Dean Baker, co-director of the Center for Economic and Policy Research, and Rob Johnson, former chief economist, US Senate Banking Committee, discuss bailouts made to “too big to fail” companies.

How can you take that in and not be completely amazed at the audacious piracy of firms like Goldman-Sachs (a “great vampire squid” as Matt Taibbi so delightfully calls them) lining the pockets of their top executives at taxpayer expense from a bonus pool of funds roughly equivalent to the amount of money received as a “gift” via their AIG insurance policy (in effect, funded by the government) while simultaneously absorbing massive handouts from the Federal Reserve?


13 Replies to “Government-Sachs”

  1. “Goldman-Sachs is everywhere…”

    No kidding. Our own Mark Carney, Governor of the Bank of Canada, is a G0ldman-Sachs alumnus.

    An orgy of theft.

  2. The proliferation of their alumni is… disturbing, to say the least. Not hard to see how conspiracy theorists might well think the government is little more than an ATM for these folks.

  3. An orgy of theft.
    It literally is.

    I don’t trust Mark Carney and wonder who he had to blow to get the job.

  4. Carney did an about face in early summer. From BoC governor to Tory image booster, the man has been feeding the system BS since.
    Europe has put the squeeze on US banking/government to either get in line and regulate or face getting cut loose. The US is operating on printed wealth and pretend-a-value now the world is closing in. Where they’ve threatened their way out of trouble in the past nowadays they don’t have options (that we know of).
    GS is likely to go, so stay tuned (and don’t buy real estate; that’s #1 on the ‘things are gettin’ swell again”, myth list).

  5. I’m very dubious about the whole “green shoots” thing Bernanke and some others are promoting as it seems for every positive, hopeful indicator there are contradictory signs of impending gloom suggesting otherwise.

    My bet is that the economy is going to be in the tank for another couple of years. Or be stuck the doldrums spinning its wheels at minimal growth levels, at least. But hey, in my position it’s totally academic.

    As for buying a house, that too is virtually impossible here where $250,000 will get you an abused, run-down shack in desperate need of repair and anything decent goes for half a million or more. I’m actually quite surprised that the housing market here hasn’t collapsed, or for that matter that the economy as a whole remains fairly robust — but then it mystifies me somewhat as to what keeps things going here. I see so much wealth and so little actual productivity that it makes no sense.

  6. I don’t trust Mark Carney and wonder who he had to blow to get the job.

    Meh. I think he’s got the easiest job of any central bank chief out there.

    I just can’t stand the financial economy anymore…it’s just too divorced from the real economy. Carney’s had to use psychology in the last while to talk down the Canadian dollar.

    It’s really not supposed to work that way.

  7. Haha, I wonder the exact same thing when I go out to Vancouver. My friend lives in Squamish, where people plop down a half million on these modern communities in the middle of nowhere, and I still haven’t gotten him to tell me what they do exactly. I have yet to find someone in Vancouver that has actually does something. Lawyer doesn’t count.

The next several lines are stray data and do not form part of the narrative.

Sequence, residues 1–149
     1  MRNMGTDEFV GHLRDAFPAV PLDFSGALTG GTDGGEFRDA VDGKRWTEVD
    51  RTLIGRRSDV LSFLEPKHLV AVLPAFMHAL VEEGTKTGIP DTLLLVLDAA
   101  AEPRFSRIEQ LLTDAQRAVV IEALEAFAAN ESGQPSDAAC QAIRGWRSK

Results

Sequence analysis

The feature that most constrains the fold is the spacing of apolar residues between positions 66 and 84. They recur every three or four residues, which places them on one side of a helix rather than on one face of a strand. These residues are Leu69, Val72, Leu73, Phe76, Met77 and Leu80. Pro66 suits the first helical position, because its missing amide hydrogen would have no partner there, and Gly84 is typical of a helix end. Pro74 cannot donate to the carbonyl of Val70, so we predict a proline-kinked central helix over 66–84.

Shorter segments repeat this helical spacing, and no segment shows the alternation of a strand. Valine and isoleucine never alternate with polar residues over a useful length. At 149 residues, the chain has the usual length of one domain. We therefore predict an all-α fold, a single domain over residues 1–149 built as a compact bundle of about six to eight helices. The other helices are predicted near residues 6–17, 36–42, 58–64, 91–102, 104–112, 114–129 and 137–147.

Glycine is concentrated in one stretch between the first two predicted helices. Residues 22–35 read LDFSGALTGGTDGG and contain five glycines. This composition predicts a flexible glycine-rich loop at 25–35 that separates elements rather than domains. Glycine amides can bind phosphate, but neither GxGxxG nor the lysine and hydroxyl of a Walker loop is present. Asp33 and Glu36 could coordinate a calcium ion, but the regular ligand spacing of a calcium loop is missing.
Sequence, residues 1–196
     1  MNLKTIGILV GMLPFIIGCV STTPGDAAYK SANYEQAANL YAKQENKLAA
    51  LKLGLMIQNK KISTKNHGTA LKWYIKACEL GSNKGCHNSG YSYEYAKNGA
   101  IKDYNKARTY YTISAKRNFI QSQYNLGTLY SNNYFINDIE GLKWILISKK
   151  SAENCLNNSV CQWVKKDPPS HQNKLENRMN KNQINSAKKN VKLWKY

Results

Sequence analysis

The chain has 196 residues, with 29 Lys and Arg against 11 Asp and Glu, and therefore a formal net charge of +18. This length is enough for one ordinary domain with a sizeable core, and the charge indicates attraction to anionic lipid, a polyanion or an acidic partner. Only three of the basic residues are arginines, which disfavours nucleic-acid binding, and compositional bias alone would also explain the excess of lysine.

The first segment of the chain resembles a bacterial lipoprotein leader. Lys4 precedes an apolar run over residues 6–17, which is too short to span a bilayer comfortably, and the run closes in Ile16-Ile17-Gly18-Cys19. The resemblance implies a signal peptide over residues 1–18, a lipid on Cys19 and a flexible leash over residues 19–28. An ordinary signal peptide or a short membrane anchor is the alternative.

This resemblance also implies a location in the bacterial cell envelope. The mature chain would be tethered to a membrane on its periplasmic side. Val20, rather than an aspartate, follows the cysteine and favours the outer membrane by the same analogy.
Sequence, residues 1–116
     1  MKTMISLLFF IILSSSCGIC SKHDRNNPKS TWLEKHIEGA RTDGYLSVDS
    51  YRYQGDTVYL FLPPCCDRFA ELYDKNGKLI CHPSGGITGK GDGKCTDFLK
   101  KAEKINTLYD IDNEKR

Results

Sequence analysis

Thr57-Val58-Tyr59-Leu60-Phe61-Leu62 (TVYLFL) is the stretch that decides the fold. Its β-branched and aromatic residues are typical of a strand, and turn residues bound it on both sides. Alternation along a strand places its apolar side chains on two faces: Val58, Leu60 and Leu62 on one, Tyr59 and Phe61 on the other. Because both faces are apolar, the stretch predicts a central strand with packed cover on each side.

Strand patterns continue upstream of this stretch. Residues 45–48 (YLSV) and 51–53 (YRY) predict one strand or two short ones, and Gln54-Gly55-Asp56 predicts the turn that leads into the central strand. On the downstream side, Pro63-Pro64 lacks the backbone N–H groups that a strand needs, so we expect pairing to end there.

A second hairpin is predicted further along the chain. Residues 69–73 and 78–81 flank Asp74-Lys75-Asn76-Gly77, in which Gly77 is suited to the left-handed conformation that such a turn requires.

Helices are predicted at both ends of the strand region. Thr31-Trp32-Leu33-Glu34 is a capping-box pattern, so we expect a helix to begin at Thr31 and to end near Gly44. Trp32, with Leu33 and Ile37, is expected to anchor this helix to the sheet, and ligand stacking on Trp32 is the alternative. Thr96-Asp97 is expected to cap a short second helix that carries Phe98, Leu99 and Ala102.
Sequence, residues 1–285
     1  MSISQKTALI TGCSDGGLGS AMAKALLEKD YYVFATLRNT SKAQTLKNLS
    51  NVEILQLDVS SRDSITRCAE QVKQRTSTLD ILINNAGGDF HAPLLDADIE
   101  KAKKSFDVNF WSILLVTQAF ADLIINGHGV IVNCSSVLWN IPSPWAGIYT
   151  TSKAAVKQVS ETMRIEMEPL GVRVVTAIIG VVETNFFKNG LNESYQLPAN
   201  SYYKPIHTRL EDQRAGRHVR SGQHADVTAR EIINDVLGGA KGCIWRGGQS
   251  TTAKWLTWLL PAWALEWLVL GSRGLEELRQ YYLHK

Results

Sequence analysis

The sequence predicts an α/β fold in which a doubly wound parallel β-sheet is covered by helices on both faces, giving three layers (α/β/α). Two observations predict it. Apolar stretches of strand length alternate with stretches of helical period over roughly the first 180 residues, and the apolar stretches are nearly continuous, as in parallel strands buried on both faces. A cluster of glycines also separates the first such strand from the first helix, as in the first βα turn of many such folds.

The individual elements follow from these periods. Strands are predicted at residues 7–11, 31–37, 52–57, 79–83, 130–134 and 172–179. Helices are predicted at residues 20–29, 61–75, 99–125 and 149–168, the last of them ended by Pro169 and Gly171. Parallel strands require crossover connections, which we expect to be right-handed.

8. LOL I was just talking to my best friend about this subject — in connection with attempting to find a place to live, actually… which is an absurdity unto its own when it comes to Victoria — and he’s equally puzzled by the disconnect.

    What on earth are all these people really doing for a living? There’s an amazing kind of circular economic logic going on that can’t possibly be sustainable if there’s no productive base to support the whole thing… it’s really like one giant Ponzi scheme. We’ve got a self-serving, service-based supra-structure that’s built on nothing at all.

    This is something that’s vexed me for 30 years and I’ve been unable to figure it out.

  9. I believe that Kunster’s “Long Emergency” has arrived and that any growth is going to based on shrilling the market rather than increases in the number of widgets made or mined from the ground. But given that the majority of western economies are based on “services” we can shrill for a while.

    BTW, the IEA has pulled their “peak oil” forecast even closer. We could have real economic growth if there was a recognition of the problem and direction to converting to a post oil world from governments, but Harper is in denial and Obama is bogged down in the U.S. bureaucracy.

    See: Guardian UK:
    A post-oil world gets less sci-fi by the day: Dwindling supplies and no plan B – are we heading for Mad Max scenario?

  10. The area reminds me of Ireland, but not quite as bad. I lived in Ireland for a number of years. I never met anyone that had a real job. Sorry, I never met an IRISH person who had a real job. The Polish and Russians were happy to build things and fix toilets, but everyone in Ireland is either in Real Estate or the tourism industry (I fell into the latter camp). Everyone else was falling over themselves to buy some shit hole sheep farm on the side of a hill in fucking Donegal and then try to flip it for a million dollar profit. Talking to friends back there, those times have pretty much come to an end.

  11. I’m coming to the conclusion that the endless “growth” model when it comes to economics makes no more sense than does perpetual motion in physics.

  12. Dan — Oh, never mind all that nonsense… Hasn’t Jerome Corsi told us that there’s an endless supply abiotic oil that will be provided simply from the planet spinning around and whirling it up at our pleasure?

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